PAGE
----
For people who don’t suffer from tinnitus, there are few conditions more difficult to understand. The problem with tinnitus is that if you are not afflicted with it, you won’t hear, see or feel the symptoms in the same way you would other ailments.
But for the nearly 50 million Americans who experience some form of tinnitus, the problem is very real and can be very difficult to deal with. Tinnitus is best characterized as ringing in the ears, but according to the American Tinnitus Association, it can present sufferers with whistling, hissing, swooshing, clicking, and buzzing. These sounds aren’t detectable by others and that might be the most frustrating part of tinnitus, which can lead to disorientation, delayed diagnosis, confusion, and depression.
While that 50 million number is large, it seems even more staggering when put in the context that it means about 15 percent of the general public battles with tinnitus. The U.S. Centers for Disease Control reports that roughly 20 million of those individuals have what’s known as burdensome chronic tinnitus, while another two million suffer from symptoms that are severe and debilitating.
There’s a common link between hearing loss and tinnitus, which is why people often turn to hearing aids to augment their hearing and to drown out the ringing. While a hearing aid has shown to be an effective method of lessening the symptoms associated with tinnitus, there are behavioral changes you can make to reduce the ringing.
Here are 10 things to stay away from if you have tinnitus:
- Some medicines; Over-the-counter medications including aspirin and other non-steroidal anti-inflammatory drugs can be really good at soothing pain, but they could actually make your tinnitus symptoms worse. Tinnitus can also be impacted by other medication like prescription antibiotics or cancer drugs. However, you should always consult with your physician about any problems you’re having before stopping a prescribed medication.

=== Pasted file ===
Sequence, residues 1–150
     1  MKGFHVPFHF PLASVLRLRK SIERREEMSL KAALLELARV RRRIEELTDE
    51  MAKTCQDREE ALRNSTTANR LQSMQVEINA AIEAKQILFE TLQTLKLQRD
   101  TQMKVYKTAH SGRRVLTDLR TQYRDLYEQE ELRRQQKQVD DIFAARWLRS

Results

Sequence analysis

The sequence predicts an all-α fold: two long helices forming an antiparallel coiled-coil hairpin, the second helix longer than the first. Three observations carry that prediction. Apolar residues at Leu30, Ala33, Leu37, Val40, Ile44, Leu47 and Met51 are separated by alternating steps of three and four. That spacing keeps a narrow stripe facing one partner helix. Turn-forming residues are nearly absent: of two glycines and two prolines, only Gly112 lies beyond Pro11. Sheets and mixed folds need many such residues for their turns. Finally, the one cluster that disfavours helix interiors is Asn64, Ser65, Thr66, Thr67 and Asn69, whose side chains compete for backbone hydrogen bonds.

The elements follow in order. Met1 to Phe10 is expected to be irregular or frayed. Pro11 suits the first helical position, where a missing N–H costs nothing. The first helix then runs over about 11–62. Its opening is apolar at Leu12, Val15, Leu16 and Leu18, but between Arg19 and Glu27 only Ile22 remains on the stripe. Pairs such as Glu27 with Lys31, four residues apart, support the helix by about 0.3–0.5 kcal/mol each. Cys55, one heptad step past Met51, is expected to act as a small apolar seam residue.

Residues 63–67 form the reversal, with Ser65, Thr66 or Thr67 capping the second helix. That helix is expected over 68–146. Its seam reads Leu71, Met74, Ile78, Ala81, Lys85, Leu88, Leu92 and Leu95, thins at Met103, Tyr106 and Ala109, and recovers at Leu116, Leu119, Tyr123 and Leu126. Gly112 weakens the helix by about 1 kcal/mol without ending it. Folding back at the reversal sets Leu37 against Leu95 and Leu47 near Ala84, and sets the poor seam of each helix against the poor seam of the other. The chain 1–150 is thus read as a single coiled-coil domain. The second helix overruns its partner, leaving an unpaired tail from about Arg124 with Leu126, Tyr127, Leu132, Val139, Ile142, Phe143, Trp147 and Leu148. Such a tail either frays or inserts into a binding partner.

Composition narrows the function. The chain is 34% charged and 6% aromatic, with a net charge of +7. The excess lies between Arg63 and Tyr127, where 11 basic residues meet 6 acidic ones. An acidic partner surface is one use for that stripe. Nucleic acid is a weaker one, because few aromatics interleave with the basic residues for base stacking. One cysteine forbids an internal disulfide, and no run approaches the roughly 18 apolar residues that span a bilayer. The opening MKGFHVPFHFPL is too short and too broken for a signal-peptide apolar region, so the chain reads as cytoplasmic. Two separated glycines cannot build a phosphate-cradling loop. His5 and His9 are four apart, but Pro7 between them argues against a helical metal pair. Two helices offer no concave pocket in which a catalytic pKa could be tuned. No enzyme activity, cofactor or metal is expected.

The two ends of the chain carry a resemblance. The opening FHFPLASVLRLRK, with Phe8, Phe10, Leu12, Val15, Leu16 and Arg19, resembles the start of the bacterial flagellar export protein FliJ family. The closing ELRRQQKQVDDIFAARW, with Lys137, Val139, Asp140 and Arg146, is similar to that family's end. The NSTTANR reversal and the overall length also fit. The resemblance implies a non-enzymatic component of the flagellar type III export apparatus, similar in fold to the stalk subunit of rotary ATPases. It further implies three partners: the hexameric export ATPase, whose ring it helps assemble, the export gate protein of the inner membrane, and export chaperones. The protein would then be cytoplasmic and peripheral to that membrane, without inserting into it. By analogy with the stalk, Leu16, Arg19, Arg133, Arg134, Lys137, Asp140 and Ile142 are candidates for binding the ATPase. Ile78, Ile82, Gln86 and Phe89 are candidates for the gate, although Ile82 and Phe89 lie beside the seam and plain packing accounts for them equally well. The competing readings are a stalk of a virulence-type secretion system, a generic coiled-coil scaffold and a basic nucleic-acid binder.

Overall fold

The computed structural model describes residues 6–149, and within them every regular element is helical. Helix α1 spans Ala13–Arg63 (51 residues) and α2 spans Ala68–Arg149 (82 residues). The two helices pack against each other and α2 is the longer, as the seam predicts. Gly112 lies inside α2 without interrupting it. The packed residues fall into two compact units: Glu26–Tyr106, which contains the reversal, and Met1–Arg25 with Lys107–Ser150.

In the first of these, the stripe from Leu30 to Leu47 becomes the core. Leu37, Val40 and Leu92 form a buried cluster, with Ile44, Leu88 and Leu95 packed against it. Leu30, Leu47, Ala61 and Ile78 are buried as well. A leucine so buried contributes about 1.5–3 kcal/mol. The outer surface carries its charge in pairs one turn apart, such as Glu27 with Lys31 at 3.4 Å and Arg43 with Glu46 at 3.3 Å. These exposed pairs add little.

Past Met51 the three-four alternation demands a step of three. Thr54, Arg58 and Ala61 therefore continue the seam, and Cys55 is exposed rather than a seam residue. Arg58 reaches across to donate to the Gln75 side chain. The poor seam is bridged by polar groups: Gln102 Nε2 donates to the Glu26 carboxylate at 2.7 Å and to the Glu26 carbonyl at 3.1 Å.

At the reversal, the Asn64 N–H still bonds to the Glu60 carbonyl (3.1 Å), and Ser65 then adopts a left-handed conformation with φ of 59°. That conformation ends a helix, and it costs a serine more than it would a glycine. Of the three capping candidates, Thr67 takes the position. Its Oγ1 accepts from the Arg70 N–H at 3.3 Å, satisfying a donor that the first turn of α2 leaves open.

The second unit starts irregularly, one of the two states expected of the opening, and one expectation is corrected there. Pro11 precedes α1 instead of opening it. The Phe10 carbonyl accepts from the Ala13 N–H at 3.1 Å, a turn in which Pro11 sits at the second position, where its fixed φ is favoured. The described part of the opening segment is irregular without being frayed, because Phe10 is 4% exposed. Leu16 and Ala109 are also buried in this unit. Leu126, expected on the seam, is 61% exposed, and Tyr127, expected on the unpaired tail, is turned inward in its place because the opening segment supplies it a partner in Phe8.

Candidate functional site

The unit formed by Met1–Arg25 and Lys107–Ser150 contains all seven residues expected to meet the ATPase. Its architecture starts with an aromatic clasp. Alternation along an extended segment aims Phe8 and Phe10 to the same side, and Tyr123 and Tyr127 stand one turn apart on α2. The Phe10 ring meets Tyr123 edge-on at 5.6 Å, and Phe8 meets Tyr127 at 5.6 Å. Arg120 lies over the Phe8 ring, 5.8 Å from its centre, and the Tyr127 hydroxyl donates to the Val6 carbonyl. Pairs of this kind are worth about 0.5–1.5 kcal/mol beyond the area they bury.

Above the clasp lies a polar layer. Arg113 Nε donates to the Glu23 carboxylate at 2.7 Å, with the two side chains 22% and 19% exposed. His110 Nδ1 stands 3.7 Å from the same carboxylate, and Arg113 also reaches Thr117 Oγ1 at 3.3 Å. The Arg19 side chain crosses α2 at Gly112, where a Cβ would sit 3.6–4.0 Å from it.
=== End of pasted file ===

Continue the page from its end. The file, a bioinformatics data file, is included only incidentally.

- Alcohol; Your cholesterol and heart health can be positively impacted by drinking a small glass of wine each day, or so the old saying goes. But when it comes to alcohol and tinnitus, you can have too much of a good thing. Drinking too much alcohol raises your blood pressure, which makes the ringing more evident for some people.
- Caffeine; Here again, a rise in tinnitus levels goes along with this influence due to an increase in blood pressure. You will most likely notice a change in sleeping habits if you consume too much caffeine.
- Loud sounds; This one most likely seems obvious, but it bears reiterating that loud noises can exacerbate the sounds you’re already hearing internally. If a scenario happens where you will be subjected to loud noises, be mindful. This includes concerts, loud restaurants, and construction sites. Consider protecting your ears with earplugs if you can’t steer clear of the noise. Earplugs can be particularly helpful for individuals whose job involves using loud machinery.
- Dangerous blood pressure levels; If you want to keep your tinnitus under control you should keep track of your blood pressure which can also help protect you from other ailments. It’s important to note that both high and low blood pressure levels can make your tinnitus worse, so you should be careful about consistently checking your blood pressure.
- Excess earwax; In the grand scheme of how your ears work, it’s a known fact that earwax helpful. But actually dirt is trapped and our ears are protected by this gunk that we hate. That said, too much accumulation can make tinnitus worse. To make certain it doesn’t build up to an unsafe amount, your doctor can clean some of it out and help with prevention.
- Jaw issues; You should see a doctor if you have jaw pain and even more so if you are experiencing tinnitus. Since the jaw and ears share components like nerves and ligaments, alleviating jaw pain might have an effect on your tinnitus.
- Smoking; Smoking is another habit that can increase your blood pressure. What’s more, it can shrink the blood vessels to the ears, which can make tinnitus symptoms more severe.
- Poor sleeping habits; When mom said you should get your eight hours of sleep each night, she wasn’t joking. Getting an adequate amount of sleep can assist you to stay away from tinnitus triggers and also offers a wide range of other health benefits.
- Infections; Since a lingering cold can quickly turn into a sinus infection there has always been commentary about the need to find a cure for it. Make certain you’re reducing your exposure to ear and sinus infections because they have been known to worsen tinnitus.
Even though there’s no official cure for tinnitus, there are ways to control the symptoms and take back your life. Give these 10 recommendations a try, and you might be surprised with the improvements in your symptoms and your overall health. If these don’t help, schedule an appointment with a hearing specialist.